Dominoes of dishonesty?
The alleged web of deceit that has come to light in a domestic torture case is having far reaching consequences, including the retraction of a high-profile research paper from McMaster University and questions over an inappropriately prescribed drug.
CREDIBILITY MATTERS in a criminal trial. It matters a lot.
Yet it is being called into question for unexpected reasons in a complex domestic violence case playing out in a Hamilton courtroom for nine months and counting.
While the abuse allegations are horrific, the case has also exposed a web of alleged dishonesty beyond the trial, some of which threatens the reputation of celebrated McMaster University researcher Dr. Mark Tarnopolsky, who should have nothing to do with this.
The courtroom has heard a research paper he signed off on is now under scrutiny, and he is accused of writing a prescription for someone who was never his patient.
Until the trial, those concerns hadn’t surfaced.
Sara Salim says she was tortured, abused and imprisoned in the Binbrook home where she lived with her husband, Adeel Safdar, and his family.
The Safdars say Sara is mentally ill and caused injuries to herself, including a broken jaw. They say she is faking abuse to win a custody battle.
Someone is lying. It will be up to Justice Andrew Goodman to decide who.
The truth of the abuse allegations — branding Sara with an iron, forcing her to carve words into her own leg with a knife, refusing to let her care for her baby — is at the core of this trial. From there, other questions and other questions of dishonesty have sprouted:
One of the most notable scientific research papers published by Adeel Safdar will be retracted due to concerns about academic fraud. This may be the death knell of Safdar’s once-stellar kinesiology career with ties to McMaster and Harvard universities, and more than $2.5 million in federal research grants.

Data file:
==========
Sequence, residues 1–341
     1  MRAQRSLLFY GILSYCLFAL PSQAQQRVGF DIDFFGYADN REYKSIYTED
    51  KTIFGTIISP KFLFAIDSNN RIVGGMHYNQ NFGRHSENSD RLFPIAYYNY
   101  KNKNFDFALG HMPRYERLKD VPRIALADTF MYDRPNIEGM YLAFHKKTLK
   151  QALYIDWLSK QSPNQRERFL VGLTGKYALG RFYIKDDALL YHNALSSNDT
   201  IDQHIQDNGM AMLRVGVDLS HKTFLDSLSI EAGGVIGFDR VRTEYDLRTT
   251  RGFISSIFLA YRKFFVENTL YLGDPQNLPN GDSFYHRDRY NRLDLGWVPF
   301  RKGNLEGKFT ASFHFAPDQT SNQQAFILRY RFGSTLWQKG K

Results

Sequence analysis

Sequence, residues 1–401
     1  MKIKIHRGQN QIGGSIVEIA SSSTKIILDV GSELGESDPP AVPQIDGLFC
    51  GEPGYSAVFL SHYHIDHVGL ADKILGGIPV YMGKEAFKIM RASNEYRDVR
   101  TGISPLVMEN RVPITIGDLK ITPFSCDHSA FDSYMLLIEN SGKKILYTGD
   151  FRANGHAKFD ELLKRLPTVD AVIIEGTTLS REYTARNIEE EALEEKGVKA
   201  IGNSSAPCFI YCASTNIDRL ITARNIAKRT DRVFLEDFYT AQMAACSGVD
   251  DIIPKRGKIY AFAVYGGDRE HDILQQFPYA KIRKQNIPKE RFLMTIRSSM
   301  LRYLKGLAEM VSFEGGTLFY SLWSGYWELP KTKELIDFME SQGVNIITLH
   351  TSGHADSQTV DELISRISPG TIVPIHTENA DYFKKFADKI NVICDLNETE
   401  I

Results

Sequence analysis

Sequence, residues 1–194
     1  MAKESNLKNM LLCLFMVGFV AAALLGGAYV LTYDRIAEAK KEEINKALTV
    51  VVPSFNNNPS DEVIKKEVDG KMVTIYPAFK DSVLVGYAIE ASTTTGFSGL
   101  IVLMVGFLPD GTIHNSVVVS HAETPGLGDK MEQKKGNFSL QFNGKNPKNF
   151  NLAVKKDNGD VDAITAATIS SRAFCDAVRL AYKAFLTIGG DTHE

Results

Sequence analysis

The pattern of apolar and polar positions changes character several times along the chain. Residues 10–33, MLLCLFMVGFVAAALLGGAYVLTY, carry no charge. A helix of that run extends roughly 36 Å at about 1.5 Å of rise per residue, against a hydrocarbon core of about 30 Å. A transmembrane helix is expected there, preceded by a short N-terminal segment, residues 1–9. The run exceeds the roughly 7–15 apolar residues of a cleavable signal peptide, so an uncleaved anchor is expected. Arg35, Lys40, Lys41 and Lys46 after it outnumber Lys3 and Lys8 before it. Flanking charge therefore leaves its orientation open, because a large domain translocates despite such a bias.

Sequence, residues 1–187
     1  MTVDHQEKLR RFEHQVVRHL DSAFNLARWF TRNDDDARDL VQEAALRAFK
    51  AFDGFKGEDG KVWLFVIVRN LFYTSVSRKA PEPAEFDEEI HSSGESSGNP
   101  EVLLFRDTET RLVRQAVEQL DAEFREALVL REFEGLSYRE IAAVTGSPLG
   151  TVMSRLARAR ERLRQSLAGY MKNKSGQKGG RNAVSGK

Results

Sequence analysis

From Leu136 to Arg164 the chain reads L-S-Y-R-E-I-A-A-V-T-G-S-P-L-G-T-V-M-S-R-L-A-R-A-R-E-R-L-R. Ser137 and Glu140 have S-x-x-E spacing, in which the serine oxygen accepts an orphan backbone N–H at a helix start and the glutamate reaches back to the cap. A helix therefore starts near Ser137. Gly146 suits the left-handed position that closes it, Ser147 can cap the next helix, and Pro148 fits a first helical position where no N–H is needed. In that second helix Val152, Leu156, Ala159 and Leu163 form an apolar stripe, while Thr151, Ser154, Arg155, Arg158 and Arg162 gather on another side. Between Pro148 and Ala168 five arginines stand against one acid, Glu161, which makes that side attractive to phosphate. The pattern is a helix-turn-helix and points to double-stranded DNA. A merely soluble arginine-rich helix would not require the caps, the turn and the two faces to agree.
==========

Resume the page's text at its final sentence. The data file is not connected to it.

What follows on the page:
It may also be a serious black mark on the reputation of superstar McMaster scientist Tarnopolsky, Safdar’s mentor and senior author of the research now under investigation.
Tarnopolsky is alleged to have written a prescription for Sara, who was never his patient.
A defence lawyer flung accusations of plagiarism at renowned domestic violence expert Dr. Peter Jaffe, only to have the suggestion vehemently denounced by the judge. Yet that didn’t stop Safdar from complaining about plagiarism to Jaffe’s employer.
A key defence witness was dramatically caught lying under oath. ADEEL SAFDAR, 38,
is charged with assault with a weapon, uttering a death threat, aggravated assault and two counts of assault upon his wife, Sara.
Shaheen Safdar, 61, is charged with assault causing bodily harm, assault with a weapon, assault, uttering death threats and aggravated assault upon Sara, who is her daughter-inlaw.
Aatif Safdar, 36, is charged with assault causing bodily harm, assault with a weapon, assault and threatening death upon Sara, his sister-inlaw.
ADEEL SAFDAR was a science star.
McMaster University loved him. He did his undergrad there and eventually his PhD in kinesiology. He landed a position as a lab tech with Tarnopolsky, one of the university’s most distinguished researchers and a professor of pediatrics and medicine.
Tarnopolsky took Safdar under his wing and included him in several projects. The most notable was a study of the effect exercise has on the aging process of mice. The more exercise a mouse has, the slower it ages, they concluded.